The “BeeMonitor” project

Beekeeping is a time consuming hobby, it’s not so easy as it sounds. Making sure the bees are healthy takes a lot of knowledge and experience.

Adding sensors to a beehive helps the beekeeper to monitor the hive and take action when things are not as expected.

Therefor I decided to make my own “BeeMonitor”. Starting with the electronics, connecting our hives to the internet!

The BeeMonitor with sensors

The technical side:

The BeeMonitor is a “battery powered wireless datalogger”. It’s a compact controller with user-changeable dipswitches, RGB led, buzzer, “plug & play” RJ12 connectors designed for different sensors combinations and is capable to carry 2 different wireless modules, a RFM69W for use in a private network or the RFM95W to connect to an LPWAN IoT network (LoRaWAN) on sub-gigahertz radio bands. Powered by 2 AAA battery’s, operating on 3V the”BeeMonitor” only consumes 35nA in sleep the making the battery’s last for years! Great, isn’t it?

Transmitted messages are received by a gateway, processed and stored in a database. Data can be shown on a website and even in online “live” graphs depending on the needs.

BeeMonitor with custom front

For example, some temperature & humidity data from one of our beehives:

Battery life:

The prototype has been up & running, collecting data for about 2 months now. So far the battery voltage has dropped from 3.17V to 3.12V without any (low power) software optimisation. Even without the battery will keep the BeeMonitor up & running for a very long time, all the way down to 1.9V. That’s when the voltage reaches the minimum operation voltage for some of the hardware.

Power consumption:

Measuring one wake-up cycle (about 2 seconds) gives a clear overview of the power consumption of the hardware. A short description of how things work here (reference: 1 mV = 1 mA):

  • 0 s: External input, interrupt or timer waking up a part of the hardware (50 nA)
  • 250 ms: Power enabled to other hardware (1.8 mA)
  • 320 ms: Microcontroller startup, bootloader (3.5 mA)
  • 1.7 s: Microcontroller running program, reading sensors, processing
  • 1.82 s: Sending message (50 mA)
  • 1.83 s: Waiting for ACK from gateway (18 mA)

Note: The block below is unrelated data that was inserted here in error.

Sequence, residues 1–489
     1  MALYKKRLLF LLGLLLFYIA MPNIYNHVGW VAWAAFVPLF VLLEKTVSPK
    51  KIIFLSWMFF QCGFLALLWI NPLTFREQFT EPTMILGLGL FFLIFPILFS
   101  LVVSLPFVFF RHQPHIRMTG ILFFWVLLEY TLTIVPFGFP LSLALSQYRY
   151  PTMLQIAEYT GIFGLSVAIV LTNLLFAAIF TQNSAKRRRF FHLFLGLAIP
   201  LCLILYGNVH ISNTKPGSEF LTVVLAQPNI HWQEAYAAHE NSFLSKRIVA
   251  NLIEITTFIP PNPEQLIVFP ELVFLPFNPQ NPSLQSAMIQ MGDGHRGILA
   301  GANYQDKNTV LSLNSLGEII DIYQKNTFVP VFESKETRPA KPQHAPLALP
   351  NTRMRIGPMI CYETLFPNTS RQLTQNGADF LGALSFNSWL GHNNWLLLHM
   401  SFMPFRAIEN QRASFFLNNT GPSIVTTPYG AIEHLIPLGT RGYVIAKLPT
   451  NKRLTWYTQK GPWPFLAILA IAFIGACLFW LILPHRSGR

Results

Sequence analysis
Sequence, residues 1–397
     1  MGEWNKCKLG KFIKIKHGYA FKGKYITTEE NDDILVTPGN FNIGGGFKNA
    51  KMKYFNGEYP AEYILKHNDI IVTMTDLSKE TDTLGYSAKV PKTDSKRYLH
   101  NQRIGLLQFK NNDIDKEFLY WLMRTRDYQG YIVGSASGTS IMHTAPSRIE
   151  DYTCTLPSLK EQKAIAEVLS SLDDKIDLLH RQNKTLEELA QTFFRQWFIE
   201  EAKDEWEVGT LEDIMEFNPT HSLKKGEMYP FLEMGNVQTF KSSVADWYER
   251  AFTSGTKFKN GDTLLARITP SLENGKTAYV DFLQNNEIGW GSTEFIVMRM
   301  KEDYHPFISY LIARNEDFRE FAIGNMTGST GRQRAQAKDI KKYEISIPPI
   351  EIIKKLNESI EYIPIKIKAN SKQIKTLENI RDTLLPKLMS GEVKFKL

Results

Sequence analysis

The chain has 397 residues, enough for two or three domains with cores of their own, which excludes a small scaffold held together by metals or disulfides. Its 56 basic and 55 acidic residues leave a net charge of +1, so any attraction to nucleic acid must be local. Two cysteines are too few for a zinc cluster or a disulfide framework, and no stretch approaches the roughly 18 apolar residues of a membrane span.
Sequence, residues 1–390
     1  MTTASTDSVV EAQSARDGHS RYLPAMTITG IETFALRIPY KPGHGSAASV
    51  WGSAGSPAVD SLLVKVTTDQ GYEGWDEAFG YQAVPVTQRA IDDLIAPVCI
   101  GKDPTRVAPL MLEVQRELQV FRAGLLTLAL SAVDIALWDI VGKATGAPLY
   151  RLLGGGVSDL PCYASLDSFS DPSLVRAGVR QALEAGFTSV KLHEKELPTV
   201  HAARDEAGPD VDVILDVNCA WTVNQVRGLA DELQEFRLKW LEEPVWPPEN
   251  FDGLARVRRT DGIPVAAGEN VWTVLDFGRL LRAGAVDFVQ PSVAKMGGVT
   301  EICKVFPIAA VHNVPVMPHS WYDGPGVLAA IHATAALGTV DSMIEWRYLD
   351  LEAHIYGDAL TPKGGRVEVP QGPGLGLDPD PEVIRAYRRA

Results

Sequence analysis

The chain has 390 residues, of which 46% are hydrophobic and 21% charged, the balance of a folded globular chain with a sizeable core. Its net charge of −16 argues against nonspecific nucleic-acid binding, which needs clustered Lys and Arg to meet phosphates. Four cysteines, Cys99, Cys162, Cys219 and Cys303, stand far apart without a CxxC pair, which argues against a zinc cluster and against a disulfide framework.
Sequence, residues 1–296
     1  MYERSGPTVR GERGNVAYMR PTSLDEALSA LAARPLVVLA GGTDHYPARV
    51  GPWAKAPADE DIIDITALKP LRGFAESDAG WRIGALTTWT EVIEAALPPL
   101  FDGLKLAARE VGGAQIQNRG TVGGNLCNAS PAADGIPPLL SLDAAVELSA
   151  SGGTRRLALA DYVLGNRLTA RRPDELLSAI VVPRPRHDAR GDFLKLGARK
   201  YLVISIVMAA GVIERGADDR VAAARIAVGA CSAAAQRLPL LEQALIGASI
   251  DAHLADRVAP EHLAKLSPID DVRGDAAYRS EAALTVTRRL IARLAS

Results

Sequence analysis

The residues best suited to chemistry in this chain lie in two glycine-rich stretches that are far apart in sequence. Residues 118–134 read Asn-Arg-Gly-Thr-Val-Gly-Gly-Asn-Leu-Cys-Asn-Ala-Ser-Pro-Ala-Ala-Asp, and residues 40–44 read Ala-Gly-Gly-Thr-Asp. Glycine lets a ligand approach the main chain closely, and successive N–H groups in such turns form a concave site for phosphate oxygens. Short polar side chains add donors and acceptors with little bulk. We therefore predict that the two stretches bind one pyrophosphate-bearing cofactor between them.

• 1.85 s: Blink green led (4 mA)
  • 2 s: Powerdown (35 nA)

This graph makes clear I need to optimize the bootloader, because it takes 1.38 s! Thats way to long for battery powered hardware.

Future plans:

There are some improvements needed such as an optimized bootloader, optimized software for better battery life, ..

September 2017: The prototype has been upgraded, read more about the plans & upgrades here.

3 comments on “The “BeeMonitor” project

  1. Dear Thomas,

    thanks for mentioning us in your article. We just linked to it at https://community.hiveeyes.org/t/the-beemonitor-project-by-thomas-van-bellegem/486.

    We would be happy to support you in connecting with our backend infrastructure or platform. As everything is based on open source software, you will be free to run the backend on your own machines. However, we could already win more and more beekeepers to send their measurement data to our collaborative platform to share it with each other. You can take a glimpse at https://swarm.hiveeyes.org/grafana/. It’s really fun!

    Are we right in assuming you will operate a gateway in your setup which converges the data received over RFM against an UART interface? Maybe you would find https://hiveeyes.org/docs/beradio/ interesting then. This little piece of Python software will pick it up from the UART interface and forward it to MQTT appropriately.

    We are open to support custom line protocols there (see also https://community.hiveeyes.org/t/decode-jobeemonitor-uart-line-format/435), but there’s also the possibility to submit data using the HTTP protocol (https://hiveeyes.org/docs/system/acquisition/), even directly from the microcontroller level when it’s connected to Ethernet or WiFi somehow.